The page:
The opening ceremony took place in the building’s cavernous reception area, a massive space framed by white walls, a black granite floor, and a white ceiling supported by simple unadorned large columns. This was the building’s entry point and its most obvious statement of public display. Stretching along the length of one wall was a 100ft three-dimensional showpiece mural. The reception area (Figure 3) embodied modernist architectural concepts that were in sharp contrast to traditional classical bank architecture that symbolised stability, tradition, trustworthiness and security.22 Even by the standards of the most recently built branches the computer centre was a thoroughly modern and even futuristic building.23

Figure 3: The spacious reception area as viewed from the entrance to the centre. The 100ft 3D Mural can be seen stretching down the left. Courtesy of Barclays Group Archives.

COMPUTING AND TELECOMMUNICATIONS

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Ian Martin – draft 0.6 – please do not cite or redistribute. 7 computer and as such regarded as an important first in a class of computers that was termed the ‘second generation’ computers.26 Using less power, producing less heat, occupying a smaller footprint, and more reliable than its valve-based counterparts the fully transistorised computer presented an opportunity to make a clear break from the computing past. In timing its formal use of computers in banking with the commercial arrival of the transistor Barclays was associating itself with the new.27

On their fact-finding visits to the United States Barclays’ representatives on the CLCB Electronics Sub-Committee, Cowen and Travers, had been impressed by the innovative partnership between the Bank of America and the Stanford Research Institute.28 The resulting Electronic Recording Machine – Accounting (ERMA) specification was built by General Electric and unveiled by Bank of America at the end of September 1955.29 Barclays had not been involved in the design of the Emidec in any way approaching the level that the Bank of America was with ERMA - from 1956 EMI had been working closely with the British Motor Corporation30 - but Barclays let everyone know that it had ordered the Emidec 1100 whilst it was still in the blueprint stage.31 Barclays was proud of its foresight and in the technological capabilities of its chosen machine. Now Barclays hailed the Emidec as ‘the world’s first fully transistorized and magnetic core machine linked to magnetic tapes.’32 Its own configuration of the Emidec together with telecommunications it called ‘the most advanced bank book-keeping system in the world.’33

The Emidec 1100 was a machine built with business rather than scientific applications in mind, and this was something Barclays was keen to stress in order to differentiate itself from its competitors.34 EMI ambitiously marketed its medium-sized 1100 model as a central system component of a system with the potential for integrating hitherto separate tasks within an organisation.35 This marketing neatly tapped into requirements of the business world that were markedly different from the scientific requirements that earlier computing efforts had predominantly been focused upon.36 Later, Donald Travers reflected on the beginnings of the widespread commercialisation of computing and had this to say:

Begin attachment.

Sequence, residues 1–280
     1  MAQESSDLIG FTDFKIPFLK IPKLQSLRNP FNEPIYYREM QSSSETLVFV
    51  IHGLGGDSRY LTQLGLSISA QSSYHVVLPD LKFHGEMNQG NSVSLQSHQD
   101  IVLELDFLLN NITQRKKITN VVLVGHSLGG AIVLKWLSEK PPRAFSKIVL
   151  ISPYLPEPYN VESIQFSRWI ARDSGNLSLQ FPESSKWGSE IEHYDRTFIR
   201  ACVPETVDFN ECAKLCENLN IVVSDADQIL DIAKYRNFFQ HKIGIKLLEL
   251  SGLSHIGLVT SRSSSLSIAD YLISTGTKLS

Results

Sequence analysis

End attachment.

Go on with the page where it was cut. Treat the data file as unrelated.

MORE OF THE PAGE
The role of the equipment manufacturer was changing. He was no longer selling a computer. He was selling the capabilities of a system, with the computer only one machine in an equipment configuration at the data processing centre that would contain also punched card readers, magnetic tape units and high-speed printers; and a system which would provide also for the preparation of input data at branches, the transfer of data to the centre and the feedback of management and accounting control information.37

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Ian Martin – draft 0.6 – please do not cite or redistribute. 8 insulated viewing room upon the flashing lights of the computer, the busy peripherals, and the smooth efficiency of the machine attendants operating within.

As part of the complete visitor experience, guests were given a glossy pamphlet entitled Barclays Bank Limited: Our First Computer that emphasised some of the less visible aspects of the new computer system. Through the leaflet Barclays extolled the efficiency of the new computing system in terms of its storage capacity and the speed at which it could deal with information compared to a traditional branch-based book-keeping system. The leaflet even suggested the new computer system was capable of simple decision making such as that done in a branch. The leaflet listed the input/output and processing capabilities of the computer system [emboldened in original] thus:

It can store a lot of information: the entries on 9000 full ledger sheets can be stored on 1 reel of magnetic tape, 3600 feet long. It can read information from paper tape very quickly: nearly 700 entries in 1 minute. It can sort information very quickly: 1000 entries can be sorted in 45 seconds. It can perform arithmetic very quickly: a credit can be added to a balance in 140 millionths of a second. It can make simple decisions: answering the question, ‘Does the balance exceed the limit?’ takes 410 millionths of a second. It can punch out paper tape very quickly: a statement sheet of 28 entries is produced in 4½ seconds.39